Multiphase Editions – The World in Motion

Beatrice Hug's abstract works seem to ebb and flow with a mind of their own. This pulsing effect is created by a combination of skillful color application and lenticular technology in the work itself. The longer you view the image, the more it seems to move. Step aside, and an even more direct change occurs: what was once pink turns green, and what was blue becomes red. This effect is made possible by Multiphase optics - very fine lenses on the surface of the artwork which refract light and reflect different images. The Paris-based artist has previously utilized mirrors, stained glass and dyed liquids in her captivating mediations on light and color. These Multiphase works are an exciting step in her ongoing process.

Gavin Evans' Multiphase portraits capture the unparalleled versatility that defined David Bowie's career. Utilizing lenticular technology, the artist depicts different sides of the iconic musician within the same artwork. Depending on the viewer’s vantage point, different expressions and images of Bowie come into view. The result is artwork that pays tribute to Bowie's own legendary talent for re-invention.

Loooop Studio convey the beauty of the natural world through a minimalist modern aesthetic. Their single-line drawings are brought to life by lenticular technology to create uniquely dynamic artworks. As the viewers perspective moves, so too do the neon pink lines across the black background. This then sets the flamingos into graceful motion. This trademark vibrancy has made Loooop Studio internationally renowned.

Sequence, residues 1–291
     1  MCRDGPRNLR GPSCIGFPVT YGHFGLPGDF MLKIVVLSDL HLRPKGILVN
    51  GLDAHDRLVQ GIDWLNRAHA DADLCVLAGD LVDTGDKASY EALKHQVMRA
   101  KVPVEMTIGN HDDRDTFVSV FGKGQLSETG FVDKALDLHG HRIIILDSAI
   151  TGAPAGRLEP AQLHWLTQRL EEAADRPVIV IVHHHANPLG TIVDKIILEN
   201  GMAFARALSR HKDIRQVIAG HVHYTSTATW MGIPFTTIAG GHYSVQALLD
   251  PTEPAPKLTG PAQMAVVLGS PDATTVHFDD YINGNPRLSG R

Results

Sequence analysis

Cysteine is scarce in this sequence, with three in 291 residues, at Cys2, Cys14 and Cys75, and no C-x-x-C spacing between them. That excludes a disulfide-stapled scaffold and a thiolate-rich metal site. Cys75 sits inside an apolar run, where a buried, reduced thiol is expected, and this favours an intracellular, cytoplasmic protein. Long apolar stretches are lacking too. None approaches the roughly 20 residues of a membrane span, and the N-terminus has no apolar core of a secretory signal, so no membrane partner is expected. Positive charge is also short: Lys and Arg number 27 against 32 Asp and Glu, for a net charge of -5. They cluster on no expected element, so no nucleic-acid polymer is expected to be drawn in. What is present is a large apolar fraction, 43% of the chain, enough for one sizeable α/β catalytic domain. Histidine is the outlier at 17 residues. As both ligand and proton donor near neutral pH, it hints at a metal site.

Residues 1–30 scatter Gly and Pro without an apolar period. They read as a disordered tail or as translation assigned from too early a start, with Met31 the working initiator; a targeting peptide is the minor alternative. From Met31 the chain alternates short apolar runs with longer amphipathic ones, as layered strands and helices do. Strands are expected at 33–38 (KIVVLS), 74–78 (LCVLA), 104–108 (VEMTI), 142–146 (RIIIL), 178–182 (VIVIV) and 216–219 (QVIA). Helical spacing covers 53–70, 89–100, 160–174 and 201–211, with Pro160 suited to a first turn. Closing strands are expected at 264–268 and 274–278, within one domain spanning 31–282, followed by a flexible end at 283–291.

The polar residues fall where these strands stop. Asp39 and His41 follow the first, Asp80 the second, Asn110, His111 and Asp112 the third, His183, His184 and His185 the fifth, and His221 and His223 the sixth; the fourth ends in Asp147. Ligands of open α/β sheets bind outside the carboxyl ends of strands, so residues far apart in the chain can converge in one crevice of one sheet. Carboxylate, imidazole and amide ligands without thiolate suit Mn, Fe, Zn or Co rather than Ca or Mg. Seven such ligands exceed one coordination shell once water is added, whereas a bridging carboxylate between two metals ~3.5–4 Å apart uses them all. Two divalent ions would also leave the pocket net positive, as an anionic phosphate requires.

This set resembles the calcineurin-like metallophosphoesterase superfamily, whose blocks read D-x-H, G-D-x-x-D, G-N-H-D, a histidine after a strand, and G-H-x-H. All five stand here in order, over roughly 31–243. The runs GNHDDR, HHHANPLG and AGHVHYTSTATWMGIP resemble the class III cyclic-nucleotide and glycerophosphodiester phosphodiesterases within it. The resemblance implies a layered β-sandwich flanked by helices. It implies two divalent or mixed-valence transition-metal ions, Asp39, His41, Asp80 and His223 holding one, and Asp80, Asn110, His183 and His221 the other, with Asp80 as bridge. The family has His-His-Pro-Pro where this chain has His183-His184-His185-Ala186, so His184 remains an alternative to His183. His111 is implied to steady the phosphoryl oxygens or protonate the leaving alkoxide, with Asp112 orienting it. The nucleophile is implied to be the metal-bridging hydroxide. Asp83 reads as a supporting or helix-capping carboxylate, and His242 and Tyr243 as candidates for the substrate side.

Wolfgang Uhlig is a modern master of maritime photography. Through his contemplative, minimalist seascapes, Uhlig conveys both the power and the stillness of the open ocean. His works invite the viewer to drift away, lost in thought. These Multiphase artworks complement Uhlig’s images by adding a subtle movement effect, thereby creating a transfixing viewing experience – one we don’t simply view, but actively partake in. These artworks bring to life the dynamic beauty of the ocean. The resulting scenes so immersive you can almost hear the waves and taste the salt in the air.

The German photographer Alfred Steffen keeps Prince’s legacy alive in his three-part portrait of the legendary artist. The Multiphase artwork is reminiscent of a stage, with each angle offering a new view of the star. The three constituent images arose from a photoshoot in which Steffen would ask Prince questions - “How big is your ego?” or “Do you believe in love?” for example - and the musician would mime the answers. Each image, therefore, is a direct expression of Prince’s personality.

The starting point in the creation of Holger Lippmann’s dazzling Multiphase artwork was a simple color wheel. Through a highly creative and complex algorithmic process, Lippmann gradually transformed the wheel into a stunning dance of color. Countless tiny prisms on the surface of the work refract and reflect the light around them. This reveals a new visible image from every angle. Individual tones are transformed into swathes of shimmering color, anchored within an intricate geometric structure. The wheel almost seems to rotate around itself.